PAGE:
Left: Mediterranean Steps. Centre: Goat's Hair Cave. Right: Tunnel Enterance.
Left: Mediterranean Steps. Centre: Goat's Hair Cave. Right: Tunnel Enterance.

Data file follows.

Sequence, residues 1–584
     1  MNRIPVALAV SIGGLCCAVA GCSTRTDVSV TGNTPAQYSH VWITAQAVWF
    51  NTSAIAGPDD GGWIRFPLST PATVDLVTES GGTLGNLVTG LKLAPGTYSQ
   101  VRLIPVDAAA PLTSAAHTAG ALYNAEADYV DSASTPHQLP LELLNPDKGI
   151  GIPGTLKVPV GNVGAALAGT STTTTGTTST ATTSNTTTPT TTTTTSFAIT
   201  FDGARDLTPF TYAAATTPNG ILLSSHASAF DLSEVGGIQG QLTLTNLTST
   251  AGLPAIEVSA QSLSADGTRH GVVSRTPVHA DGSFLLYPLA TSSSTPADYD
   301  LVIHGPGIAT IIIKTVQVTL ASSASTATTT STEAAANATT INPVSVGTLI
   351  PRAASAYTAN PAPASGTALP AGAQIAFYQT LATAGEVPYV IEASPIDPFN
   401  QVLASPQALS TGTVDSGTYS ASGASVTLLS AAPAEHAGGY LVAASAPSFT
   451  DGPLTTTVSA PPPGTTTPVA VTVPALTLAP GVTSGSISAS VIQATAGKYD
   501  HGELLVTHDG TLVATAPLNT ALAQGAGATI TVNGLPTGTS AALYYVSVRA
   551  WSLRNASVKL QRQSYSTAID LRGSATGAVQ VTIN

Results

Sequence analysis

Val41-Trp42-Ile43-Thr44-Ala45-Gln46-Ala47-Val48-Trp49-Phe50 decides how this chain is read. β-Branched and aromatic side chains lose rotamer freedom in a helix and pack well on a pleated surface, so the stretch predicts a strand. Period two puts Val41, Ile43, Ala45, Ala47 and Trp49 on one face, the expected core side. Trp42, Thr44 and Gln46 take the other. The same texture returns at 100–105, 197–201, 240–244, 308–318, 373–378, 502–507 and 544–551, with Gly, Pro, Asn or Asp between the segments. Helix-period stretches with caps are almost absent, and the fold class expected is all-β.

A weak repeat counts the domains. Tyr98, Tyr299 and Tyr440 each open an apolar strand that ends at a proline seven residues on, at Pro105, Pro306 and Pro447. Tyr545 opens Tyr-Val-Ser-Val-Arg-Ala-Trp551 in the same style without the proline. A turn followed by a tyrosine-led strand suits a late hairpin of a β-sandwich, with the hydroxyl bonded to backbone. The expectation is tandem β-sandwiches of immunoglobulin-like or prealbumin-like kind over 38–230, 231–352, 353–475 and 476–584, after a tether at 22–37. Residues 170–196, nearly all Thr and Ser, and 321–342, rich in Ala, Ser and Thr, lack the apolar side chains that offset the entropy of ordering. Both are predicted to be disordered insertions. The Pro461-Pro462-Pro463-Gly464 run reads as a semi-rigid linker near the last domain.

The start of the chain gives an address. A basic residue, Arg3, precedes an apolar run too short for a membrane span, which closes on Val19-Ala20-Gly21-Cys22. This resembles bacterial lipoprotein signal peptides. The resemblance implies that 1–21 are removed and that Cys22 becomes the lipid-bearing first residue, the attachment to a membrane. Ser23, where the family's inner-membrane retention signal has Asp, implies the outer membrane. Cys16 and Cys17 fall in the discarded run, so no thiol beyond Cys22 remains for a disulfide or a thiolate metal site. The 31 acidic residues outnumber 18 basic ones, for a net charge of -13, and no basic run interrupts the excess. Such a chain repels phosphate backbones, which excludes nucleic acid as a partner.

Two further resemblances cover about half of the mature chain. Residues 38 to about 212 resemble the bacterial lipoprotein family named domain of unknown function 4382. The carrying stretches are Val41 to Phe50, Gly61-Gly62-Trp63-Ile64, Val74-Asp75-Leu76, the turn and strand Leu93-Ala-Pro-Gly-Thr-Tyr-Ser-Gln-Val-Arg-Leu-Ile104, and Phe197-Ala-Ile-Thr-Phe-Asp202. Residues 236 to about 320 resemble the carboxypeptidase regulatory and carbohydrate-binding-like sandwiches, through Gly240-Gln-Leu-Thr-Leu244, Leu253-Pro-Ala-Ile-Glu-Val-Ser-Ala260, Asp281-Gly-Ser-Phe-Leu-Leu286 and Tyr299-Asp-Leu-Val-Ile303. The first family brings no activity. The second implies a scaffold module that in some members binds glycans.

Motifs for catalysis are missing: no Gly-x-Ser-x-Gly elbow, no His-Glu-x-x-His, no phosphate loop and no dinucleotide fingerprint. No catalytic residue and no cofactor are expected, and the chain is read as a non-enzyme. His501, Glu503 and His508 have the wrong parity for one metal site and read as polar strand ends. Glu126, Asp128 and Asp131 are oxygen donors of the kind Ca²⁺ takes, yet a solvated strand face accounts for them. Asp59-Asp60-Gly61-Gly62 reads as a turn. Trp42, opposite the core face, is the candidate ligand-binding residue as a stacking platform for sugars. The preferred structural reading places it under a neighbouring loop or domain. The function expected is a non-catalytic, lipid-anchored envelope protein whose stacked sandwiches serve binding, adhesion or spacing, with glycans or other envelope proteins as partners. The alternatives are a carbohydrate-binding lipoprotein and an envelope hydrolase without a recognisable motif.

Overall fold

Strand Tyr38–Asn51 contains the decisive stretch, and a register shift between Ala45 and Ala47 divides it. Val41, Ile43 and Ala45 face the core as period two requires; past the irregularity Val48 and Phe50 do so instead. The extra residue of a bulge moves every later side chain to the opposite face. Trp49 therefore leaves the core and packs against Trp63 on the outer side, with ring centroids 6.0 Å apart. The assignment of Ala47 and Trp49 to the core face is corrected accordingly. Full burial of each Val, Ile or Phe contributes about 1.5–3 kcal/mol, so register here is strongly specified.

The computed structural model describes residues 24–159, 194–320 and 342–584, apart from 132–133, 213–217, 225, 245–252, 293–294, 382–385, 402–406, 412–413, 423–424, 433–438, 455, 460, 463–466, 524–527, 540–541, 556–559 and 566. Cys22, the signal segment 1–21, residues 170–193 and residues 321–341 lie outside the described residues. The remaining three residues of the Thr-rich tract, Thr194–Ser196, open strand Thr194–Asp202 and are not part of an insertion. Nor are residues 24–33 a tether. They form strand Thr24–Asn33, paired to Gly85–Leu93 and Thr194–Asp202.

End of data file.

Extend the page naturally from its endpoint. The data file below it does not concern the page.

There are steps, many of them. But before these came an uncertain path with a few false lines, perhaps means by which to explore the military lookouts and gun placements nesting in the limestone. For a few minutes I attempted to follow a misguiding terrace, with hindsight I dare not now call it a path, up a scree slope. I though better of it and headed downwards on an equally misguiding and dangerous path. Despite the exposure and crumbling steps the latter proved to be the correct way, and so it was that I arrived at a second junction, a wall, and a rusted and bent metal signpost. Certainly no one was caring for the pathway and in parts of the western world it would have been closed for safety and fear of lawsuits. Here, it was as if the signposts had been meddled with to confuse an invading army, and then everyone had left, never to return in the last fifty years. The rusting sign read "Mediterranean Steps" and pointed downwards. This was absolutely ridiculous so I figured that I would head on up. What the Hell, if I was wrong the steps could not go far, and I would just double back. Climbing higher I approached two caves, a handy sign informing me that these were the "Goats Hair Caves". Assuming that here the path ended, I was ready to turn and descend back down the rocky staircase when I noticed that the stairs continue further across the exposed rock. Having investigated the shallow caves for signs of goat or any such likeness to the beast, I continued on up towards the tall concrete walls of a pumping station, and here again it appeared I had reached a dead-end. I could hardly have been blamed for thinking this, crags towered all around, and other than a short level terrace, there was nowhere else to go but back down. But there to the right lay salvation, a dark tunnel carved into the cliff face. Dark tunnels and salvation may not usually be put together in the same sentence, but indeed this was the case. A short distance later I emerged in the sunshine and on a series of once wide trails built for the manoeuvring of weaponry and provisions between the many gun placements and observation posts, remnants of world war two now neglected.